Urban Wire We have a farm bill without stricter work requirements, but a proposed rule change could still limit SNAP access for some adults
Elaine Waxman
Display Date

Media Name: shutterstock_1224097906_cropped.jpg

On Thursday, President Trump signed the 2018 farm bill, closing a contentious chapter in this congressional cycle. In the months leading up the bill’s signing, House and Senate leaders wrangled over work requirements in the Supplemental Nutrition Assistance Program (SNAP).

The final bill does not include the House version’s proposal of stronger work requirements for parents of school-age children or able-bodied adults without dependents (ABAWDs) up to age 59, which were strongly supported by the administration.

The Urban Institute’s analysis of the House version found that, over the course of a year, 9.8 million SNAP participants potentially subject to the work requirements would have at least one month in which they did not meet them. But 52 percent of those participants would meet the requirements in another month—evidence that SNAP participants often have unstable work, a reality of many low-wage jobs. 

These findings echo other research on work patterns of able-bodied adults without dependents. A recent study found that 75 percent of households with childless adults were working within a year of receiving SNAP.   

Although the administration did not achieve stiffer work requirements through legislation, it signaled this week its intent to pursue stricter work requirements for adult SNAP recipients without dependents through regulatory changes (PDF), which do not require congressional approval. The proposed regulation will have a 60-day public comment period.

How the administration’s proposal could limit access to SNAP

The proposed rule change would restrict states’ ability to waive existing SNAP time limits and work requirements for SNAP participants with ABAWD status. Currently, these individuals are required to work at least 20 hours a week to continue receiving SNAP and are eligible for only 3 months of benefits in a 36-month period if they do not meet the requirement.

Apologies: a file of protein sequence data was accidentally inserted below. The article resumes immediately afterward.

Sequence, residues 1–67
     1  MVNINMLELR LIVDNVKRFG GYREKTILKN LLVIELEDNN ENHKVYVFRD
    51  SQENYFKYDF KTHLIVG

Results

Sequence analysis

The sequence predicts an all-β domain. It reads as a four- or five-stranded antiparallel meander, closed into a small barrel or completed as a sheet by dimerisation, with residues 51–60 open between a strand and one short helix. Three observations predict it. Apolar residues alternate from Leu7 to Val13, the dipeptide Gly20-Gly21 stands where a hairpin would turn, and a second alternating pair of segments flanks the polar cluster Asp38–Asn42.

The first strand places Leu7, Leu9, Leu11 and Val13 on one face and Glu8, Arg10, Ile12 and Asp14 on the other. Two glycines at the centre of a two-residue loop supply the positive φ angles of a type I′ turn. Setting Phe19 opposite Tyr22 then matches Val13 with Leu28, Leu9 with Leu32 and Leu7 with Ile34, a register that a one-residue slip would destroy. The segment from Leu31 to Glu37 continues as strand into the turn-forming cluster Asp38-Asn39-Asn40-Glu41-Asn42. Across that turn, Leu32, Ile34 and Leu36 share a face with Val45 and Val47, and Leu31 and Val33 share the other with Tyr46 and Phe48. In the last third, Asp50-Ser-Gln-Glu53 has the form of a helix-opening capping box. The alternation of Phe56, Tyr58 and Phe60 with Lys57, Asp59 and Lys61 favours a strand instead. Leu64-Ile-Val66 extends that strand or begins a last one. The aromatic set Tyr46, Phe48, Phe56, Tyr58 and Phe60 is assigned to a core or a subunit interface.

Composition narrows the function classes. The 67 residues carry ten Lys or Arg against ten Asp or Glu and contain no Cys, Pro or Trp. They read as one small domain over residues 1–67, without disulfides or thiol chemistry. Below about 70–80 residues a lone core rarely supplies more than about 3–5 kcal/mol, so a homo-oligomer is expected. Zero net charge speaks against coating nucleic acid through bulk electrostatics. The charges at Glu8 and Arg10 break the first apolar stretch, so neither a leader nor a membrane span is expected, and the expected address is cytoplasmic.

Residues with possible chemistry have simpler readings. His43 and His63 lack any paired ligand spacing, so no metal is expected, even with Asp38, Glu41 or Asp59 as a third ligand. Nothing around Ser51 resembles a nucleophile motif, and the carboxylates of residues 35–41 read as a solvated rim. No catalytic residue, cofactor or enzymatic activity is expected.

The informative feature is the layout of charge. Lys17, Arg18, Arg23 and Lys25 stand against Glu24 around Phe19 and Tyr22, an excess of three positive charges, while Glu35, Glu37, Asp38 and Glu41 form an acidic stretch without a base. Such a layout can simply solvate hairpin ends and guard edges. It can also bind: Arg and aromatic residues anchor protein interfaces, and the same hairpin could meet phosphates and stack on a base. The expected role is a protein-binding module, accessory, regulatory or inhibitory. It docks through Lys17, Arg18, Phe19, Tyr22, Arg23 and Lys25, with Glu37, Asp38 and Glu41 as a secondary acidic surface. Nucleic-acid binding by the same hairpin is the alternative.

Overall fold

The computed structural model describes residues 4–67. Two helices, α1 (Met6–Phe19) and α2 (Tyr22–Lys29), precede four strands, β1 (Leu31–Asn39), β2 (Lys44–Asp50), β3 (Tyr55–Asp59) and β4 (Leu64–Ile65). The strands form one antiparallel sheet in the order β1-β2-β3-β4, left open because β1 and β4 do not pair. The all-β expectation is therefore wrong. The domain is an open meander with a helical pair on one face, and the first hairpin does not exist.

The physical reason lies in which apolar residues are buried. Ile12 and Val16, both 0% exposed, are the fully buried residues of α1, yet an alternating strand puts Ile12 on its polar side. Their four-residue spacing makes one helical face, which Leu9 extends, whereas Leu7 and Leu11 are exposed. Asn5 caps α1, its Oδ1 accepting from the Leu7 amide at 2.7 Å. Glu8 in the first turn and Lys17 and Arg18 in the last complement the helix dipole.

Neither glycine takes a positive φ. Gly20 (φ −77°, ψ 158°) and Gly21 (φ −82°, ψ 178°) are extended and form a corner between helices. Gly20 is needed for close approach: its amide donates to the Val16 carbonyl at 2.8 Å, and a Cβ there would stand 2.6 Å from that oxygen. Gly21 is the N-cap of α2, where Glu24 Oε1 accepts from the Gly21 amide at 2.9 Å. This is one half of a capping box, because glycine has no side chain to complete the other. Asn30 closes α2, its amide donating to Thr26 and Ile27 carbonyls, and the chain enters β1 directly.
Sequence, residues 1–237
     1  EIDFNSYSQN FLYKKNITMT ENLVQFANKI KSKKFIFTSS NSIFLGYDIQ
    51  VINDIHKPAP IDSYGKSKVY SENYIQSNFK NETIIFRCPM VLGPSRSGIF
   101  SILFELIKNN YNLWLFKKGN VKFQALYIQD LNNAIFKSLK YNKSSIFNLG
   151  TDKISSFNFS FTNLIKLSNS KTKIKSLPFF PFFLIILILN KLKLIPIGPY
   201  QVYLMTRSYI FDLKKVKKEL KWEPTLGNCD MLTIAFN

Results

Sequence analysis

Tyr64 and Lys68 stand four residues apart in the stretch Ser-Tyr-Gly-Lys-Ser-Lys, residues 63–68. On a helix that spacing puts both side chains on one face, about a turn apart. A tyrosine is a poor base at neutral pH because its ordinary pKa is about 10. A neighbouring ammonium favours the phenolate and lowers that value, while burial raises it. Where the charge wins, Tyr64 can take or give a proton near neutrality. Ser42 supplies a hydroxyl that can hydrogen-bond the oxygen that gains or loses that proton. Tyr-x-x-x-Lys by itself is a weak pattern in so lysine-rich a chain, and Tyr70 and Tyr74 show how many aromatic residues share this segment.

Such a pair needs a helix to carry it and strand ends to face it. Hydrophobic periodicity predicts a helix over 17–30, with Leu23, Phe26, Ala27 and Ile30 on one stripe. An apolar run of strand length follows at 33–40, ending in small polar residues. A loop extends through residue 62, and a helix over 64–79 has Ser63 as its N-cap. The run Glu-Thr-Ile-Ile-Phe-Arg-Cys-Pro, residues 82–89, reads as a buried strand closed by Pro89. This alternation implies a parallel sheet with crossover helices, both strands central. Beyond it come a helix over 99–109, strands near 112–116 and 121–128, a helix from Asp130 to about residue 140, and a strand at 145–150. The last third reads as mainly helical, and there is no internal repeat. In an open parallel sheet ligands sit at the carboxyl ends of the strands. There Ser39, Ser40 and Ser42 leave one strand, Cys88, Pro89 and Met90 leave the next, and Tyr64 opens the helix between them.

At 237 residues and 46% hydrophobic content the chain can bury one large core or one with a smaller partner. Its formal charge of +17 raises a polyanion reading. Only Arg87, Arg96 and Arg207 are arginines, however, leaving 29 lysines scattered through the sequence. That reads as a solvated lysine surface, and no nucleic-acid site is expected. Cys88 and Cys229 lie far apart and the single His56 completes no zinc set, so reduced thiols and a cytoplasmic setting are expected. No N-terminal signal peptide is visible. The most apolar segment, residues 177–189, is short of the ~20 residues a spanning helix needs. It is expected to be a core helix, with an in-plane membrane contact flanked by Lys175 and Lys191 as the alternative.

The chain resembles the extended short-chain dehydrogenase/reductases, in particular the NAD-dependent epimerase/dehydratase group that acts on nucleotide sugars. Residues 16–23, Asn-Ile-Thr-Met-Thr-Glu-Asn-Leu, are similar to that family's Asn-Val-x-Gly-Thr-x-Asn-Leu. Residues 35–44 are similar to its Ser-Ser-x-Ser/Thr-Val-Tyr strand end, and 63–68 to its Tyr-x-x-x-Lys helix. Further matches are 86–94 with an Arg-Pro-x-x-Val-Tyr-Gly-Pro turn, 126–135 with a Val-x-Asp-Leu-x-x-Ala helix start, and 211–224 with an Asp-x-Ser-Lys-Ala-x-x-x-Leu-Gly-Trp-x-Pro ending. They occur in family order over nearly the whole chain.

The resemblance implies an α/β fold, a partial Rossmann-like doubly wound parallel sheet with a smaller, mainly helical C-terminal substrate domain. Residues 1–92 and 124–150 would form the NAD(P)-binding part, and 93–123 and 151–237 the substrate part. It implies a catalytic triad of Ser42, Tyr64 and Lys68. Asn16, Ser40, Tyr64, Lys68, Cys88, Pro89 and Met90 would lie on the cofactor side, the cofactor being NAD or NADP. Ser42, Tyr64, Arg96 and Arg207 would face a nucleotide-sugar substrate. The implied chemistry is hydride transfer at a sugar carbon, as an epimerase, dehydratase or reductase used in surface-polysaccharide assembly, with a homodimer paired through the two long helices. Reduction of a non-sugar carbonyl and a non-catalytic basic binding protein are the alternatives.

States can request to waive these time limits in geographic areas based on specified economic conditions, including where the unemployment rate has been higher than 10 percent over the past 12 months or where it has been 20 percent higher than the national average over a 24-month period.  

Four states and the District of Columbia (PDF) have waivers in effect for the entire state. Twenty-nine states waive ABAWD work requirements in certain counties.

The proposed rule change would restrict state waiver applications to areas with an unemployment rate of 7 percent or higher, regardless of whether the local unemployment rate is 20 percent higher than the national average.

In a statement, the administration expressed concern that with a national unemployment rate of 4 percent, certain areas with current waivers have sufficient job opportunities to support those seeking work. The administration is also seeking to reduce exemptions that states have used to address challenges for particular workers or areas.